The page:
Lawyers tend to form partnerships with the best intentions: they have found someone with common professional interests, they want to practice law their way, or they want to make a difference in their local legal community. And, presumably, they intend to practice in the firm for the foreseeable future.
But plans don’t always work out, and what was once a promising law firm can find itself headed toward dissolution.
Here’s what to do if you find yourself in the position of having to dissolve your law firm.
Have an Honest Conversation with Your Business Partner
Talk about why you, or your business partner, want to dissolve the law firm. Maybe you have different expectations about money or responsibilities, or maybe one of you wants to pursue a different career path. Regardless of the reason, ask yourselves the following questions:
- Do either of you want to keep practicing law?
- Do either of you want to take the clients?
- Is either of you interested in the business name?
Get on the same page with your business partner by having an honest conversation. Being honest and open up front will make the dissolution process go much more smoothly.
Take Stock of Your Emotions
Dissolving a law firm is not all that different from dissolving a marriage: you’re on your own again to figure out who you are and what to do. Sit with this for awhile to make sure you’re not letting your emotions rule your professional decisions.
Look to Your Operating Agreement
It’s Lawyering 101 to have drafted an operating agreement when you started your business. If you had the foresight to take this step, now is the time to revisit it.
- What does it say about who can dissolve the firm?
- Does it have to be in writing?
- Can one business partner buy out the other?
- What happens to your clients?
Review these provisions and follow them so that this step stays more business than emotion.1
Talk With Clients
Before all others, make sure to tell your clients you are dissolving your firm. Follow your local rules to wrap up, transfer, or withdraw from their cases. If you’re dissolving your law practice to open your own practice or head to another firm, and it’s within your rights under the operating agreement, ask clients if they want to come with you. Close them out of your old firm and get all their paperwork lined up under the new practice.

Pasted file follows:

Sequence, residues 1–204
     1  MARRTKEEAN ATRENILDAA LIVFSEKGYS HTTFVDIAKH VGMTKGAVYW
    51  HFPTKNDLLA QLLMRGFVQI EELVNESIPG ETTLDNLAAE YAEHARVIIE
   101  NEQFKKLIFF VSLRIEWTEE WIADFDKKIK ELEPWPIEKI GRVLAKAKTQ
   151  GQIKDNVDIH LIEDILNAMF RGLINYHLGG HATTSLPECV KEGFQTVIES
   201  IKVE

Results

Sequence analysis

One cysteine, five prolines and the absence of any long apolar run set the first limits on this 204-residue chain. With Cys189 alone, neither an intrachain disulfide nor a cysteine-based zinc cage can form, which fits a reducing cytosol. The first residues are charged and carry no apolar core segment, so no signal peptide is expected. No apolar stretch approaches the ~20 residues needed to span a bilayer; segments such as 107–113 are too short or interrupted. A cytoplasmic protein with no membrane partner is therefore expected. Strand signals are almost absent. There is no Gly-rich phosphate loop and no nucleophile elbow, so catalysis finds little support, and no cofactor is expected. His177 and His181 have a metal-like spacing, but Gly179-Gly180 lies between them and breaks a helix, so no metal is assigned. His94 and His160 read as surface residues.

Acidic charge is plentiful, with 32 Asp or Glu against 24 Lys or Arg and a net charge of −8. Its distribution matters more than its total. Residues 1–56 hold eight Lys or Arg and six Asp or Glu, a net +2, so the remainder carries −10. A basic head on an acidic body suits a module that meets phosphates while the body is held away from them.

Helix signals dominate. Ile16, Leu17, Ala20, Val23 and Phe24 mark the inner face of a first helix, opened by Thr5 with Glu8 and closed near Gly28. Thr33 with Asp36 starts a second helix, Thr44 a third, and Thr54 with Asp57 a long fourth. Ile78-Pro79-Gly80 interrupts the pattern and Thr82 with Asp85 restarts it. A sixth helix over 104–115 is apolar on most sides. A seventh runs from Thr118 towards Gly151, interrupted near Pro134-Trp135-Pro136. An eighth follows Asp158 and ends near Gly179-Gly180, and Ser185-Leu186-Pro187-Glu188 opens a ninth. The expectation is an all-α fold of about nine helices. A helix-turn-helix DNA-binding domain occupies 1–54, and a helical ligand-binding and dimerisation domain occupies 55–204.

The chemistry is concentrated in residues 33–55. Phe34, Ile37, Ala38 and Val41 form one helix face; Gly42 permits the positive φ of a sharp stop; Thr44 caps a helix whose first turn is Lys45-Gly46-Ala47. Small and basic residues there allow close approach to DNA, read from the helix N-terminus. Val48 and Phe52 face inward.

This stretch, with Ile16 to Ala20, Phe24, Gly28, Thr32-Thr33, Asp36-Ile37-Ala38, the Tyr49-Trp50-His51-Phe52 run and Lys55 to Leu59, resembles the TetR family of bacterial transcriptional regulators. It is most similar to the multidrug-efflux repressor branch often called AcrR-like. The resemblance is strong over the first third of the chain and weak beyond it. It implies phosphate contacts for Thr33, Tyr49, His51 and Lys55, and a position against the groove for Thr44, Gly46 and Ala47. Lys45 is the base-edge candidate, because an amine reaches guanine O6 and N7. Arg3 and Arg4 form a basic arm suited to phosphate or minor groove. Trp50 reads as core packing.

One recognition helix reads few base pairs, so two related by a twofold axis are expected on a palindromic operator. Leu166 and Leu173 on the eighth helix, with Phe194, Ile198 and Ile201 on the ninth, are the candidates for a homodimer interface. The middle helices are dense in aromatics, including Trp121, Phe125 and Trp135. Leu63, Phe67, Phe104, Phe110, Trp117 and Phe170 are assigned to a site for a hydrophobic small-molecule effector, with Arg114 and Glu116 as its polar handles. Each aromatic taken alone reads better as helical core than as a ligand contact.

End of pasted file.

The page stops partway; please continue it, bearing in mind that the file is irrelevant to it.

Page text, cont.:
Notify Fellow Professionals
Let colleagues and referral partners know that you’re dissolving your business; you want to make sure people know not to send you more business. And this notification serves the dual purpose of either letting them know about a new venture, or letting them know you’re looking for work and would love some connections or leads.
Handle Your Finances
There are a lot of financial details when dissolving a law firm. This is another time to pay attention to your operating agreement or any pertinent statutes. It’s likely you will first need to pay any debts owed by the business and pay back contributions made by the partners. You will then need to tackle your bank accounts: make sure all checks have cleared; return any unearned trust funds; shred your checkbooks and bank cards. Make sure to also close all your bank accounts: checking, IOLTA, savings, lines of credit, etc.
Tackle the Administrative Details
Now is the time to take care of all the other stuff: take down your website (but keep copies), cancel business insurance, cancel malpractice insurance, decide how to split any property the business has acquired, close all business social media accounts, and close any financial accounts.
Alert the Authorities
If you’re in Minnesota, there are only two steps you have to take to officially dissolve your business.
- File your Articles of Dissolution with the Office of the Secretary of State.
- File your Certificate of Dissolution with the Office of Lawyers Professional Responsibility.
Make sure to check your state’s rules on officially dissolving a firm.
Finally, Make Your Peace
Don’t underestimate the gravity of this event. At some point, this business is what you wanted, where you saw yourself, and how you wanted to practice. Somewhere along the line, those goals could not be achieved, which makes it a loss. Maybe you parted amicably or maybe you didn’t; either way, appreciate the partnership for what it was, make your peace with it, and move on to the next part of your life.
If you were so busy celebrating your new business that you didn’t bother to draft an operating agreement, I would suggest staying friendly with your partner while trying to wrap things up; if that doesn’t work, head to mediation. ↩